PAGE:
A Quantitative Assay for Full-length and 5′-truncated β-globin RNAs
Given the challenge presented by the prolonged presence of 5′-truncated RNAs we sought an alternative approach for studying hβG mRNA decay in erythroid cells. The first step involved the development of a method for quantifying full-length mRNA and one of the truncated transcripts, and for this we selected Molecular Beacon Rapid Amplification of cDNA Ends (MBRACE)  (outlined in Figure 2A). In this assay, cytoplasmic RNA is first treated with a phosphatase to prevent adapter ligation to uncapped ends. The cap is removed with tobacco acid pyrophosphatase (TAP), an RNA adapter is ligated onto the newly created 5′-monophosphate ends and the products are quantified using junction-specific molecular beacons as indicated in the figure or by qRT-PCR. Results in the left and middle panels of Figure 2B comparing untreated with TAP-treated RNA demonstrate the importance of removing the cap for MBRACE assay of full-length WT- and PTC-hβG mRNAs.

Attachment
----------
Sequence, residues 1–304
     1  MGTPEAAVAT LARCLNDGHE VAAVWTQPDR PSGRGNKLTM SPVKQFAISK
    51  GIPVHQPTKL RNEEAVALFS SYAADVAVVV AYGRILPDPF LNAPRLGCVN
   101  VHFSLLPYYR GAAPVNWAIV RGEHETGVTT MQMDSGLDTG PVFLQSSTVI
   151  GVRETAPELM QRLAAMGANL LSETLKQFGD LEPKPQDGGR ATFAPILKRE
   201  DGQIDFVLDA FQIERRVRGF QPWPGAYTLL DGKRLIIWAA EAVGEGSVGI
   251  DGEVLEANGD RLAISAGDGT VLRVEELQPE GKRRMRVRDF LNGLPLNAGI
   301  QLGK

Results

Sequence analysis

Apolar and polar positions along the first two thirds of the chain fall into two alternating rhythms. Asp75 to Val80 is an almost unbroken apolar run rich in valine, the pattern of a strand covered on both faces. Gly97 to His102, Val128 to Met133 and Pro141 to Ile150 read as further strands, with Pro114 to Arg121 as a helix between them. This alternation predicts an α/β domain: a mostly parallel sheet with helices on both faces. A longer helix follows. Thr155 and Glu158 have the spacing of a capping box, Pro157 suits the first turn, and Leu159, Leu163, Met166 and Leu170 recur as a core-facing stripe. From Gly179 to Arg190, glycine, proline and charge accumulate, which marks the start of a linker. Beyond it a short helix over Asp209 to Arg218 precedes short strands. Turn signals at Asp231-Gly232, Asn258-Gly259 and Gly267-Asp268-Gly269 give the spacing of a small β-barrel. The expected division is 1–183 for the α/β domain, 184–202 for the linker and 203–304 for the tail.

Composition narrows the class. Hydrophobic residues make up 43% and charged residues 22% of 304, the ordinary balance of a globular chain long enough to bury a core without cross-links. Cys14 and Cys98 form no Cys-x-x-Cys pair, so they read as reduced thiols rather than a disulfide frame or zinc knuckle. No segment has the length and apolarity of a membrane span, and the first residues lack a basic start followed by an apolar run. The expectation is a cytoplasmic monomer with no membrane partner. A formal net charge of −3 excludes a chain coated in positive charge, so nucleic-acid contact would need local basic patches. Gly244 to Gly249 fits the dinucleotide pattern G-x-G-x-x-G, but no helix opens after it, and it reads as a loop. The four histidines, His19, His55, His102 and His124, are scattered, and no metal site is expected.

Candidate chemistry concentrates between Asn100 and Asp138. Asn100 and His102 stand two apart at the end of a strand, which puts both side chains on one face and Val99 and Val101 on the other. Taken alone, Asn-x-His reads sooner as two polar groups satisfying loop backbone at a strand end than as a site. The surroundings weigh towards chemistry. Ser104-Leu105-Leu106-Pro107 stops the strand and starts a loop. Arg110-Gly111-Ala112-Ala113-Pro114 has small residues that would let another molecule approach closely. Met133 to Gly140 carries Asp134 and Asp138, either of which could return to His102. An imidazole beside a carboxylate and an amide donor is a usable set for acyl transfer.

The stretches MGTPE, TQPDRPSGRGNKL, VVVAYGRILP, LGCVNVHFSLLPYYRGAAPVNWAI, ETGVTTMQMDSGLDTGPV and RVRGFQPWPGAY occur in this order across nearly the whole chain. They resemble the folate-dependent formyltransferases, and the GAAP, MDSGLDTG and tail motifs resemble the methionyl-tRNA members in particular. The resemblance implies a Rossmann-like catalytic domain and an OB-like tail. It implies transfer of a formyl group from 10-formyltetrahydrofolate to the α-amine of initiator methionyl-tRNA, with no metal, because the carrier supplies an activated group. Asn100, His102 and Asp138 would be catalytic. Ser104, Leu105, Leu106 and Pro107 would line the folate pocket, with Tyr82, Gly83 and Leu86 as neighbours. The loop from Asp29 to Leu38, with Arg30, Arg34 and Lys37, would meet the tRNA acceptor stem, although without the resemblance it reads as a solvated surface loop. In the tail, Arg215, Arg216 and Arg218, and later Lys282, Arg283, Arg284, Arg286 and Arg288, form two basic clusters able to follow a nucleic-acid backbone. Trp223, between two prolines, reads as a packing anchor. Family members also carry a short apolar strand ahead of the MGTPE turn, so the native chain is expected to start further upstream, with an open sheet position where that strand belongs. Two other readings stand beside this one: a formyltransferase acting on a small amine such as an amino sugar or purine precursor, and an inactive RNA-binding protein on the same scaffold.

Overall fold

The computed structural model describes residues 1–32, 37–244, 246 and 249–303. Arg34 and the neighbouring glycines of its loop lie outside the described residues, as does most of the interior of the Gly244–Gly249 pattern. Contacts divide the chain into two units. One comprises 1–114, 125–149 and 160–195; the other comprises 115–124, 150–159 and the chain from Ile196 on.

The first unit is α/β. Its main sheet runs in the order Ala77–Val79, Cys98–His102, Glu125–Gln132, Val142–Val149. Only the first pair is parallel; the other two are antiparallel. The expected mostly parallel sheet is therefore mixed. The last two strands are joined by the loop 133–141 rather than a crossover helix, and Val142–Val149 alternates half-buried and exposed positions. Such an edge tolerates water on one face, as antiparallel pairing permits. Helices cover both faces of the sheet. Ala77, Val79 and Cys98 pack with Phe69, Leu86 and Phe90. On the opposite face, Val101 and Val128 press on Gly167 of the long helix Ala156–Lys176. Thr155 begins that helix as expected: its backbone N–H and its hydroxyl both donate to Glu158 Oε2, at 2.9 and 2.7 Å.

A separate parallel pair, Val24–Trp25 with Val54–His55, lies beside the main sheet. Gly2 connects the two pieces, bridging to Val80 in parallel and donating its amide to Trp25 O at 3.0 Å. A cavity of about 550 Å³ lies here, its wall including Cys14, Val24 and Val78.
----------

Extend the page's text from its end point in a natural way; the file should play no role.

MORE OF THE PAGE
A. A schematic of the modified MBRACE assay is shown, and the locations of each of the primers are presented in Figure S1. B. RNA from triplicate cultures of MEL cells expressing WT-hβG or PTC-hβG mRNA was added directly to the ligation reaction with the 5′ RNA adapter (–TAP, open bars) or treated with tobacco acid pyrophosphatase (+TAP, grey bars) before ligation. Results obtained without TAP treatment were arbitrarily set to 1 and results obtained with TAP-treated RNA were normalized to the −TAP samples. The results represent the mean ± standard deviation for triplicate samples. *indicates p<0.01 by Student’s two-tailed T-test. C. S1 nuclease protection assay was used to demonstrate the increased accumulation of 5′-truncated RNAs in cells expressing PTC-hβG mRNA (lane 6) compared to WT-hβG mRNA (lane 3). The locations of each of the 5′-truncated RNAs with respect to the cap site are indicated to the right of each autoradiogram. D. The transcript beginning at position 169 nt (Δ169) was selected as a representative truncated RNA. Cytoplasmic RNA from MEL cells expressing WT- or PTC-hβG mRNA was used to demonstrate applicability of the modified MBRACE assay for quantifying changes in full-length mRNA and Δ169 RNA. In each graph the amount of RNA from each cell line was first normalized to β-actin. Shown is the mean ± standard deviation for biological triplicates, *indicates p<0.001 by two-tailed t-test.